You may have heard that recently the Federal government coordinated an international effort to raid and shutdown the popular online file-sharing website Megaupload.com in late January. With 180 million registered users, Megaupload accounted for approximately 4 percent of all traffic on the Internet. No trial was held to precipitate this shutdown – although there will be cases brought to prosecution in the near future.
So this brings about some important questions for those of us who use cloud applications. Can other file sharing and social-media websites be shut down just as easily? What are the implications the shutdown of Megaupload will have for users of similar services who use these services for legitimate (and legal) purposes? Currently there are no laws protecting the data of law-abiding end users utilizing public data storage. In the case of Megaupload, every user, legal or otherwise, lost all of their stored data.
The authorities shut down Megaupload because they believed a large amount of copyright-protected materials were being stored and shared on the site. In essence, Megaupload provided a digital “locker” for subscribers to upload data such as photos, films, music, personal documents, business documents, backup data, etc. Megaupload was enabling users to doing things not so different from accepted sites that include YouTube, Facebook, Tumblr, SugarSync, and Dropbox. So, what was the difference that let to Megaupload’s shut down? Many legitimate sites have been known to contain illegal content (although admittedly they do take steps to remove such content). So does the government have the legal authority to shutdown whichever website it chooses for being suspect to hosting copy-protected content? Should a website be responsible for the actions of its users? These questions have all been recently raised by social-media and file sharing websites, rattling the industry since the Megaupload controversy.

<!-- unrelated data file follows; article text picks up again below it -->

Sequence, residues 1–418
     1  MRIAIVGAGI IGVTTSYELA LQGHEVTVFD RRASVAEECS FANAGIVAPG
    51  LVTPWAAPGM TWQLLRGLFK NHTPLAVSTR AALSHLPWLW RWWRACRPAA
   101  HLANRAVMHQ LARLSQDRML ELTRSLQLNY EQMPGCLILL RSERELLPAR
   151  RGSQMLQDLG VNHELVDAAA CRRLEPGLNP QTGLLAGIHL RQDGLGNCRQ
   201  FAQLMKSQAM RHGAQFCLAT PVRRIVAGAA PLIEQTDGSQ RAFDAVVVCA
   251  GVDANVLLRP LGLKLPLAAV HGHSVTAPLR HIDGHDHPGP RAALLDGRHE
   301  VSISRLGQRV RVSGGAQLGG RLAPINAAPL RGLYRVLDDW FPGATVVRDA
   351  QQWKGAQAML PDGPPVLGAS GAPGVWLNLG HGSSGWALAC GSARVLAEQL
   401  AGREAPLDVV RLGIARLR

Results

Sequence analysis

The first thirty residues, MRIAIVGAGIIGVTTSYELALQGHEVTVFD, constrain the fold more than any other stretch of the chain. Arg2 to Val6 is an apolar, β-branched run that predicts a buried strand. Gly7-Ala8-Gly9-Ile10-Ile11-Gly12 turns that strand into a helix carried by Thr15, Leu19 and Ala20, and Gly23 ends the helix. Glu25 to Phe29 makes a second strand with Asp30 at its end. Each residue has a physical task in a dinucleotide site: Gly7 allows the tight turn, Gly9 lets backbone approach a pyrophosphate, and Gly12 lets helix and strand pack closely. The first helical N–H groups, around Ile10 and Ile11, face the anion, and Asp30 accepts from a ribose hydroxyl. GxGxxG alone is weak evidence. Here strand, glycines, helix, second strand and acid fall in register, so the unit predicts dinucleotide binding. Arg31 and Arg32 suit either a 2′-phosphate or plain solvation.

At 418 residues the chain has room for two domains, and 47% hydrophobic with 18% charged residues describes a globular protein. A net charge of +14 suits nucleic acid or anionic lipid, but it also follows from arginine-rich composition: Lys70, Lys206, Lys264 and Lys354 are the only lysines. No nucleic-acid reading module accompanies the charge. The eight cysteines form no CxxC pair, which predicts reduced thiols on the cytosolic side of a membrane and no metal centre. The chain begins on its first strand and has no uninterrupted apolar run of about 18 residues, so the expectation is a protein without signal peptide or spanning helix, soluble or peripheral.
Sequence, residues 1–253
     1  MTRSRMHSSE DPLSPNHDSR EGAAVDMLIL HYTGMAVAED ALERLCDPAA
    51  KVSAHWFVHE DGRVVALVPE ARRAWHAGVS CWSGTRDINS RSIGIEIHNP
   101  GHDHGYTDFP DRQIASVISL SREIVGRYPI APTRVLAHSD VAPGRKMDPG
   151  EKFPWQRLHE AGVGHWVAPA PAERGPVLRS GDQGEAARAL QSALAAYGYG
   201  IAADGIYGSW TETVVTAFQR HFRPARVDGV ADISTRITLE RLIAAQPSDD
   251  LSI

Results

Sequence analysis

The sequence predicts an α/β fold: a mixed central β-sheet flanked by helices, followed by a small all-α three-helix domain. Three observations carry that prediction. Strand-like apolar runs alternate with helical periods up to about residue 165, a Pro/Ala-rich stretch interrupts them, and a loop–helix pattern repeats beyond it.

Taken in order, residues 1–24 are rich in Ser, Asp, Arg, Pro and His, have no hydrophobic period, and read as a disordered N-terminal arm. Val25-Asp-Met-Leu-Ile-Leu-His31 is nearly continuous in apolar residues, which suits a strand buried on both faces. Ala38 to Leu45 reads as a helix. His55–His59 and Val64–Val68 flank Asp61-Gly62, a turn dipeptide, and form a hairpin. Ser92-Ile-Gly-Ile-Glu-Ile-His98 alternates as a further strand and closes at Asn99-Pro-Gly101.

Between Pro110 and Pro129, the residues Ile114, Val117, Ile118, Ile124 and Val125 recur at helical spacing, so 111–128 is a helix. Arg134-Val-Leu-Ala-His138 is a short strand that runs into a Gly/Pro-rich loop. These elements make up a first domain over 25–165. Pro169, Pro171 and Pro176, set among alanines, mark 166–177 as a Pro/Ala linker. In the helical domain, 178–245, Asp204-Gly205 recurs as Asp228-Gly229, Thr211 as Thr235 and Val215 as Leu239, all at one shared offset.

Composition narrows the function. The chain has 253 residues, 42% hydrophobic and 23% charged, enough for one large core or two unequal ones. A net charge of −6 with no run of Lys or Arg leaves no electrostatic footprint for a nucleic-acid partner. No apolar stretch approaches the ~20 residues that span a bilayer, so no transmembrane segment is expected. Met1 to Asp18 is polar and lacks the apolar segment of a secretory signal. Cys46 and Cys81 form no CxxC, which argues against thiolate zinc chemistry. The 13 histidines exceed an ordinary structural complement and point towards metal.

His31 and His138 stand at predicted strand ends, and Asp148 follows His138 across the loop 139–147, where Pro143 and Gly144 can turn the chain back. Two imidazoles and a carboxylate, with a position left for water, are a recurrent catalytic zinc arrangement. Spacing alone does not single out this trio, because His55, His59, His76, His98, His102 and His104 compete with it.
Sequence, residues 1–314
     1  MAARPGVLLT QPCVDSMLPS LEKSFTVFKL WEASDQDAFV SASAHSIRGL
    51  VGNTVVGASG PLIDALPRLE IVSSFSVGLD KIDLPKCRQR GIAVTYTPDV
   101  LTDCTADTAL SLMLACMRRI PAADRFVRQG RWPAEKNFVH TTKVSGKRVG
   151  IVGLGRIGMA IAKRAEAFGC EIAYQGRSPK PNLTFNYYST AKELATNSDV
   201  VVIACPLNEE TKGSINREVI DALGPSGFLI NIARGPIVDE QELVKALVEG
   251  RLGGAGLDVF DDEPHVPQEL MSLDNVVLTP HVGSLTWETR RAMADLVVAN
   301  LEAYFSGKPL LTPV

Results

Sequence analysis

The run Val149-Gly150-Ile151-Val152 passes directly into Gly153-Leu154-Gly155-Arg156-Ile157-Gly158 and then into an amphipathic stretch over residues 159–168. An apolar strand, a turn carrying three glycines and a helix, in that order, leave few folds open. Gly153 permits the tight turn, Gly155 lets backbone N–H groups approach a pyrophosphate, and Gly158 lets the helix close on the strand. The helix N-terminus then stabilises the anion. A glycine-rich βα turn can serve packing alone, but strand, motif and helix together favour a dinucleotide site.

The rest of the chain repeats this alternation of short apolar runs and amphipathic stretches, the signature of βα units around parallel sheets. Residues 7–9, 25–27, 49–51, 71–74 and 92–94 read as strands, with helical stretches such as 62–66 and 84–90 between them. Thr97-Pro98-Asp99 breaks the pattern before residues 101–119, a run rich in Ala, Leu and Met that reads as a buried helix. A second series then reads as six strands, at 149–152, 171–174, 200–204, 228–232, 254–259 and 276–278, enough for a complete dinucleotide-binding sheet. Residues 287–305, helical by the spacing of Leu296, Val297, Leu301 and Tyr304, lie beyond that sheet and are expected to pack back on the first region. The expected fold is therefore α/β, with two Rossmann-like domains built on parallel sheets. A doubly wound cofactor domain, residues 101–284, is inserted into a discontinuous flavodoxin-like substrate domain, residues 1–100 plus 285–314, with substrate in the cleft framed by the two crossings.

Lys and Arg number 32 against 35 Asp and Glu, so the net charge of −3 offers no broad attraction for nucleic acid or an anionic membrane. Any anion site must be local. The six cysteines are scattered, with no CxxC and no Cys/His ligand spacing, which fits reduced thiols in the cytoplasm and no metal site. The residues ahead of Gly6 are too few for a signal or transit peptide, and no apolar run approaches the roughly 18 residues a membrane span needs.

The implications have gone so far as to spill over into the enterprise business world as more and more companies adopt “cloud” storage solutions and utilize social-networking sites for low-cost marketing. What will the ramifications be for enterprise business taking advantage of these services? Moving forward, enterprise business will need to become more discerning with whom they choose to host their cloud data. Choosing reputable, public companies to host data is not a safe solution; as any data stored with a public company is just as susceptible to be used for piracy and just as susceptible to be shut down at the authority’s whim. A safe and complete solution is to have data hosted by a private cloud storage provider, such as Keystone.
What exactly is the big deal with the “cloud?” The future of computing lies in the “cloud.” Instead of companies spending thousands of dollars on hardware, upkeep, maintenance, connectivity, and backups in house; only to turn around one or two years later and spend more man hours and thousands more to upgrade and scale their equipment; it only makes sense to take advantage of the cloud. The cloud enables businesses to offload the expense, labor, and maintenance of their data by letting someone else take care of these needs for them, all the while making their data accessibility more stable, faster, easily scalable, and cheaper. The way we do business is changing, with computing and data storage moving to the cloud, data suddenly becomes accessible anywhere, anytime. How many of you have had a computer fail and lost irreplaceable data? Now imagine being able to pick up any computer, any tablet device, or any phone and have complete access to all your personal and business data from wherever you are in the world. All of these services are available now, kept safe and secured, and always accessible from Keystone Solutions.